The prosecutor argued forcefully that his witness was more credible than Mills. We do not read his argument, however, as stepping over the border into impermissibly vouching for the truthfulness of his witness' testimony. We hold, therefore, that this argument did not constitute reversible error and counsel was not ineffective for failing to object to it.

Our review shows the trial court's denial of the 3.850 motion to be correct.

Habeas Corpus

In his petition for writ of habeas corpus Mills claims that his appellate attorney, who also represented him at trial, rendered ineffective assistance by not arguing to this Court: 1) that the state tried Mills for being a bad person, a muslim, a white hater, and a criminal rather than for being a murderer; 2) multiple instances of prosecutorial misconduct in arguing to the jury during the guilt phase; and 3) the insufficiency and incredibility of the evidence presented against Mills. Also, acknowledging that this Court considered the issue of the victim's father testifying at trial, Mills asks that we reconsider this point. We found no reversible error on appeal regarding the father's identification of the stolen property, 462 So. 2d at 1079-80, and Mills has presented nothing now to convince us otherwise.

Strickland v. Washington, 466 U.S. 668, 104 S. Ct. 2052, 80 L. Ed. 2d 674 (1984), sets out the test for ineffective assistance of both trial and appellate counsel. Counsel must be shown to have performed in a substandard manner, and, by that performance, to have prejudiced the outcome. In evaluating counsel's performance courts must try to eliminate the distortions of hindsight and indulge a strong presumption that counsel rendered effective assistance.

After reviewing this record again, we find no merit to the ineffectiveness claims. The first claim, that the state tried Mills for being other than just a killer, concerns remarks made by the prosecutor about Mills and the other witnesses. As Mills notes, his trial attorney objected that the state was trying to prejudice the jury and the trial court admonished the state attorney to stick to the facts. Our review demonstrates that the state did stick to the facts. None of the witnesses were unflawed, but the jury heard all of them and then made its decision. Appellate counsel attacked the refusal to change venue, arguing prejudice, but we cannot declare him ineffective for not raising on appeal the "prejudice" that current counsel has now discovered.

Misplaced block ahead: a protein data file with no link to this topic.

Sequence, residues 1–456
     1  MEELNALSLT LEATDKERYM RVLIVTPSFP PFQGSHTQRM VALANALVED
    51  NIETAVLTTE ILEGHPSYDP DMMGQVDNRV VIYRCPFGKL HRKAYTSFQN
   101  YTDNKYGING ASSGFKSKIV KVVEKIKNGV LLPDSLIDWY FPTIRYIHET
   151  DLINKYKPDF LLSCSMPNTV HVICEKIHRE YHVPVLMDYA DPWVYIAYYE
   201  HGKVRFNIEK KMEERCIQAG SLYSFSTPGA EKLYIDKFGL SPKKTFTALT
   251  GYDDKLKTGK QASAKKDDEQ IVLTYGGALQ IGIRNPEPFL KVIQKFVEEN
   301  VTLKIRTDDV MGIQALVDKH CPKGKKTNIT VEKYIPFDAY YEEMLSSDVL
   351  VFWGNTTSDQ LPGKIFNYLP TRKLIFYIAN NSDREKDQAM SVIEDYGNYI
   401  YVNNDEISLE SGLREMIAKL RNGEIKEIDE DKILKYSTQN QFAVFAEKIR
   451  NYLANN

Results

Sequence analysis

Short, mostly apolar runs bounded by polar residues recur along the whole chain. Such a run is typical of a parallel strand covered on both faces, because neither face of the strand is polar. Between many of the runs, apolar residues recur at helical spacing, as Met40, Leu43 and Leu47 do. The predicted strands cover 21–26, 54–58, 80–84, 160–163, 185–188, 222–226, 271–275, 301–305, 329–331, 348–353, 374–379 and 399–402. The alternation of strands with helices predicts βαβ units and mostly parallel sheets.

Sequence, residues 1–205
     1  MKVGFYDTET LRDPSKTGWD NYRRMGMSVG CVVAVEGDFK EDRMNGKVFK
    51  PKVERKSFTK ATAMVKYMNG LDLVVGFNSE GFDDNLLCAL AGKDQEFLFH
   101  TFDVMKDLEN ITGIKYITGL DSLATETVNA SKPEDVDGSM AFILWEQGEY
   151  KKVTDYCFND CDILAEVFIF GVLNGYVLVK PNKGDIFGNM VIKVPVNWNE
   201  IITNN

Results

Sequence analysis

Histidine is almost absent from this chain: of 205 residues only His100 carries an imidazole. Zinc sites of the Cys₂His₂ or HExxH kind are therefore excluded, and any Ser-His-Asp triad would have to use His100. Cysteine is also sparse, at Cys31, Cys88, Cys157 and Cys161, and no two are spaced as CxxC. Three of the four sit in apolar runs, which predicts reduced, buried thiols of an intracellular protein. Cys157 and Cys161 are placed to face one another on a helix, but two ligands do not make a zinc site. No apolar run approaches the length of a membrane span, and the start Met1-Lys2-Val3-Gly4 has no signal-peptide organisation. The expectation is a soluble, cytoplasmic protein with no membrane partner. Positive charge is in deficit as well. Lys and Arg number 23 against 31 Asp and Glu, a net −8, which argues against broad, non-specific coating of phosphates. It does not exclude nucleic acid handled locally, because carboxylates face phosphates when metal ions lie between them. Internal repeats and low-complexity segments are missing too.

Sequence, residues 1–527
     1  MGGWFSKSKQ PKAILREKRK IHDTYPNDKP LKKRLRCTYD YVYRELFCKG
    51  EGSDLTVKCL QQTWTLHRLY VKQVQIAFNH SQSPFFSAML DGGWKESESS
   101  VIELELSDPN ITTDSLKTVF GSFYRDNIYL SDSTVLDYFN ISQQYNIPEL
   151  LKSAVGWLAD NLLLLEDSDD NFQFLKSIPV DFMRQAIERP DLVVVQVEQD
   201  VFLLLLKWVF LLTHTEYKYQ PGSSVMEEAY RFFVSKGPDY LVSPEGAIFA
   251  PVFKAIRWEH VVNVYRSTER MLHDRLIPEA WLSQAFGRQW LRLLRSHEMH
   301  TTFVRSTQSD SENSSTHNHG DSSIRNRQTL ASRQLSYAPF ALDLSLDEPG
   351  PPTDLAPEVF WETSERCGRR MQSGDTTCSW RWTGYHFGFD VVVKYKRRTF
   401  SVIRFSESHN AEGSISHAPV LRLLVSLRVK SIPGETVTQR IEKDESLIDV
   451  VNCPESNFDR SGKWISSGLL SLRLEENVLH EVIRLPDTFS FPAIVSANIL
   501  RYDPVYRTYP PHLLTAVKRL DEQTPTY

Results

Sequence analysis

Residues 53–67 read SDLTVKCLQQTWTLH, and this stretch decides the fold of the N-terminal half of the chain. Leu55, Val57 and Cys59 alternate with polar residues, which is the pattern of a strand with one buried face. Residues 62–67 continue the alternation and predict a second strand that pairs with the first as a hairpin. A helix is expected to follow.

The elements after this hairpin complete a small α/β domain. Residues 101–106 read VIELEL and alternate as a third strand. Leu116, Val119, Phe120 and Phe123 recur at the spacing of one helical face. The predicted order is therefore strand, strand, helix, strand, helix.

We have also examined the record on the other claims of prosecutorial misconduct. The remarks complained about now are not so egregious as others which this Court has struck down. E.g., Teffeteller v. State, 439 So. 2d 840 (Fla. 1983). Trial counsel evidently found them to be within proper argument because he did not object. Failing an objection, the argument Mills makes now would not have been considered on appeal. We cannot fault his appellate counsel's failure, therefore, for not raising the instant complaints. Regarding the sufficiency of the evidence, this Court considered that on its own as it does in all cases appealing a sentence of death. We do not see counsel's not raising this as a *606 separate point on appeal as a serious deficiency. We hold that Mills has not met the first part of the Strickland test, i.e., he has not shown that counsel's performance was substandard.

We affirm the trial court's denial of the 3.850 motion and deny both the petition for writ of habeas corpus and the stay of execution. We also deny a stay pending disposition of a petition for writ of certiorari to the United States Supreme Court.

It is so ordered.


BARKETT, J., concurs in result only.


[1] Mills withdrew this claim, after filing the motion, as being untrue.

[2] The first issue, that a stay must be granted because the Office of the Capital Collateral Representative (CCR) lacks the money, staff, and time to represent its clients and because the governor arbitrarily signs death warrants, has been raised and rejected before. Troedel v. State, 479 So. 2d 736 (Fla. 1985).